It is no surprise to everyone in the Phoenix metro, AZ region that the real estate market is not what it once was. No longer are homes appreciating at rapid paces nor are they being sold in days. In this economy, many people are left in a position where they can not sell their house for what they still owe on the property. This leaves a property owner with a few options:
1) wait out the market,
2) let the property foreclose, or
3) work out a short sale. If you can’t wait out the market, you may have to look only at the later two options and while neither is an ideal solution, both may not be as bad as they seem.
What is a Short Sale?
A short sale is a sale where the bank agrees to accept less than the principal owed on the residence as part of the agreed sale, rather than having the house foreclosed. The short sale must involve a sale at a fair value based upon an arms length transaction. There is also no requirement that the bank approve a short sale. This is realistically a voluntary agreement that the bank can decide to enter into with the homeowner or not.
Why would a Bank Approve a Short Sale?
The most frequent reason a lender would agree to a short sale is an economic decision based upon the amount owed and the value of the property. If the real estate has little or no equity the chances of the lender receiving any funds at a foreclosure sale are slim. Foreclosure sales often result in below market sales and are costly to the bank. As such the bank can often net more by agreeing to the short sale.
What about Anti-Deficiency Laws?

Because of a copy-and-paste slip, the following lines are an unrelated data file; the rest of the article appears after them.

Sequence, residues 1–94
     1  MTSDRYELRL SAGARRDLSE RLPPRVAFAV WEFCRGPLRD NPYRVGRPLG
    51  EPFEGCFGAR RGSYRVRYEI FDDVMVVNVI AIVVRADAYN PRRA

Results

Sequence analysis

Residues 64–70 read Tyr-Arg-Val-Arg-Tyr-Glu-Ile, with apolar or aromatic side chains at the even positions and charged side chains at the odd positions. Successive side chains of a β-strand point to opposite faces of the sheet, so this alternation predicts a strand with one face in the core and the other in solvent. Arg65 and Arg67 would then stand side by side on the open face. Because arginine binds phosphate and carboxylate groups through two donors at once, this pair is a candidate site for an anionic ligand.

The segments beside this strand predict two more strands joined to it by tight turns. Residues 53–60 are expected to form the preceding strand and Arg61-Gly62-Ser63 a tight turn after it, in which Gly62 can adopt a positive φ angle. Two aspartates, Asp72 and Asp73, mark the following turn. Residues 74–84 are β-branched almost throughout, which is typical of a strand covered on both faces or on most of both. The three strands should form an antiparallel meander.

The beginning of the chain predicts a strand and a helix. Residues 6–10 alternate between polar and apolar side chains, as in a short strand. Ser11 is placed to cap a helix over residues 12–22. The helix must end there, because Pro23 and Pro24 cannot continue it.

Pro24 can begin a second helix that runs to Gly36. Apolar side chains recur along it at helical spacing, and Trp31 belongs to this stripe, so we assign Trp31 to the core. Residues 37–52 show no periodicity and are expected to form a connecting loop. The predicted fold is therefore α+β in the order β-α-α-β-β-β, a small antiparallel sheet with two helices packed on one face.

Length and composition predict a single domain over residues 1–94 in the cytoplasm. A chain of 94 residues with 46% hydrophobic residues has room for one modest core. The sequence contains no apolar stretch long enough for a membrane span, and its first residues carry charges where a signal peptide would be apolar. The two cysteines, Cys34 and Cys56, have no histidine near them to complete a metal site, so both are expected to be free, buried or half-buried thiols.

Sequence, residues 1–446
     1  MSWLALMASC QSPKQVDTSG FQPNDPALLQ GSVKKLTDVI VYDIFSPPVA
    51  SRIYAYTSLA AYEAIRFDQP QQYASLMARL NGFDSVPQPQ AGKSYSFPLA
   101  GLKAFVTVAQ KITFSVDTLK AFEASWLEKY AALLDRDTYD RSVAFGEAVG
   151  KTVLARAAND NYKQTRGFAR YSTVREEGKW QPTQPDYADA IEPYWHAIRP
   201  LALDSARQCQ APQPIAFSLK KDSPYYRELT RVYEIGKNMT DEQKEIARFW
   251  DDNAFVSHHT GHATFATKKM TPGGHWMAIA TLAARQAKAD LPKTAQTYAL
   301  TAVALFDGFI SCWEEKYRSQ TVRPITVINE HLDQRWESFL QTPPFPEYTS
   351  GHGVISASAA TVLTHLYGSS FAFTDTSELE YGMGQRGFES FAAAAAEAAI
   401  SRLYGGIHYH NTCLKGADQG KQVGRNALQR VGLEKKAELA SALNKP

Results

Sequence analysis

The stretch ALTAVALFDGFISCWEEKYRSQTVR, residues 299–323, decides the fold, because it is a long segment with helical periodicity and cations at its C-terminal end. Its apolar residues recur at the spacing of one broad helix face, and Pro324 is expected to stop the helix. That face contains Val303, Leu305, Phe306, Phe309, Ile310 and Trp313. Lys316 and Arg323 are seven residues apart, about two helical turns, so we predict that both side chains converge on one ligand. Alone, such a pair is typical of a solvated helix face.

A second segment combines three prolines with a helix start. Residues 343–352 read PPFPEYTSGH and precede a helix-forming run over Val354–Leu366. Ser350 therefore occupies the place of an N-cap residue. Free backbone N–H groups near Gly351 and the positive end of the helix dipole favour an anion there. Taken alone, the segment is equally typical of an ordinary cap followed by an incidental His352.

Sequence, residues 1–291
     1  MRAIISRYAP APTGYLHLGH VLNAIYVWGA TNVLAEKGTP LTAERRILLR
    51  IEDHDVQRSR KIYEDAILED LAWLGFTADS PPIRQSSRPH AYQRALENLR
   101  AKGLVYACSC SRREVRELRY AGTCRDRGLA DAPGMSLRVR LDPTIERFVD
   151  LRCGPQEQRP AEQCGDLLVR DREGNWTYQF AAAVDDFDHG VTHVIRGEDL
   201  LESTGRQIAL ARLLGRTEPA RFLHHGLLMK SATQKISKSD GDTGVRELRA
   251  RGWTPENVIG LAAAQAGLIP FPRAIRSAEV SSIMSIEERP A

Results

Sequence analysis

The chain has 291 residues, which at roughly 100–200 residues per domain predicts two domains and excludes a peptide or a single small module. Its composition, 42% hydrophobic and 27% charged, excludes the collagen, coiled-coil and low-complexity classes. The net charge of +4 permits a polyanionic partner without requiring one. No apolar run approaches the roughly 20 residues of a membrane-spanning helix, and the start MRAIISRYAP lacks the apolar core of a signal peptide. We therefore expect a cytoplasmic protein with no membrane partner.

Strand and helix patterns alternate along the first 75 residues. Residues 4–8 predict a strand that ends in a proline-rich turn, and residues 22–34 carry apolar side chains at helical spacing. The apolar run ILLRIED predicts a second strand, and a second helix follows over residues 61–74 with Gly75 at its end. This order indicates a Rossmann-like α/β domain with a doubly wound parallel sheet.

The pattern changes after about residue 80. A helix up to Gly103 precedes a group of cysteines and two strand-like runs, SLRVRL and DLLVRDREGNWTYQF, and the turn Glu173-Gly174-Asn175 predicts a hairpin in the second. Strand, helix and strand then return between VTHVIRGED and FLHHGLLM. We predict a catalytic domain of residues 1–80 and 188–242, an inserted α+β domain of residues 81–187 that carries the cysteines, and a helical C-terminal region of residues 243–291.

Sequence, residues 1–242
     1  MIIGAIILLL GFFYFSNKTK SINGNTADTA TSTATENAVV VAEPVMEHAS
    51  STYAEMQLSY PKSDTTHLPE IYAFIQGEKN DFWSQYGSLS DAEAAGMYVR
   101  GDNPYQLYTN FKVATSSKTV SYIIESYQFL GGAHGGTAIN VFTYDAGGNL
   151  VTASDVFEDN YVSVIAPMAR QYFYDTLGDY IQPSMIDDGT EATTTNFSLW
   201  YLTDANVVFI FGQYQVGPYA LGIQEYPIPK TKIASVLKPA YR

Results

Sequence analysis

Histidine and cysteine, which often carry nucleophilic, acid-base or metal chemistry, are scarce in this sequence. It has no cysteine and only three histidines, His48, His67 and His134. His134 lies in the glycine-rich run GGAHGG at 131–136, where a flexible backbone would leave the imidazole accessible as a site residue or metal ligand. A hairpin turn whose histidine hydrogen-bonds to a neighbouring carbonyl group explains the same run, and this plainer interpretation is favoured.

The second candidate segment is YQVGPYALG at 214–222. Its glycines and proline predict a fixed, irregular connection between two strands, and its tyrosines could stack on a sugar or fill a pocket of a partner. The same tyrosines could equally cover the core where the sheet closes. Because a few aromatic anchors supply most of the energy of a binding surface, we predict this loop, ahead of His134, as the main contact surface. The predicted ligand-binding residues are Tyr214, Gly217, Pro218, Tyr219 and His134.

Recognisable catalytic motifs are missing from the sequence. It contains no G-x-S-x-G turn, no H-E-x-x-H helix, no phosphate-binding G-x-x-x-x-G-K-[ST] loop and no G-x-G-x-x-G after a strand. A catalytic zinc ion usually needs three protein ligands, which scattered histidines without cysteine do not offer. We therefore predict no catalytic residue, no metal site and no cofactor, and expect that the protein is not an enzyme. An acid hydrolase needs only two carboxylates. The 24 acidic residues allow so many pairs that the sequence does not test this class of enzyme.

Another reason a bank may consider a short sale is whether a state has anti-deficiency laws. An anti-deficiency law is a law that prevents a lender from recovering any loss over the price received at a foreclosure sale from the borrower/home owner. In essence, anti-deficiency laws limit a lender ability to recover from home owners.
Does Arizona Have an Anti-Deficiency Law?
Arizona has a relatively broad anti-deficiency that protects home owners. If your home is secured with a deed of trust and your home sells a trustee’s sale the lender may not recover any deficiency if:
* The property is 2.5 acres or less;
* Used for single family or two family property; and
* Sold pursuant to the Trustee’s power of sale.
If the property is secured by a purchase money loan, that is a mortgage used to pay all or part of the purchase price of the home, the lender may not recovery any deficiency if:
* The property is 2.5 acres or less
* Used for single family or two family dwelling; and
* The home owner did not reduce the value of the property by waste.
What if the Property is Not My Primary Residence?
The AZ Anti-Deficiency Law protects all real estate under 2.5 acres used as a single family or two family residence. There is no requirement that the property is your Homestead.
What if it is a second Deed of Trust or Mortgage? The AZ statute does not differentiate between first and second lien holders. If the requirements are met whether the lien is a first or second, or even third position, the law does not change.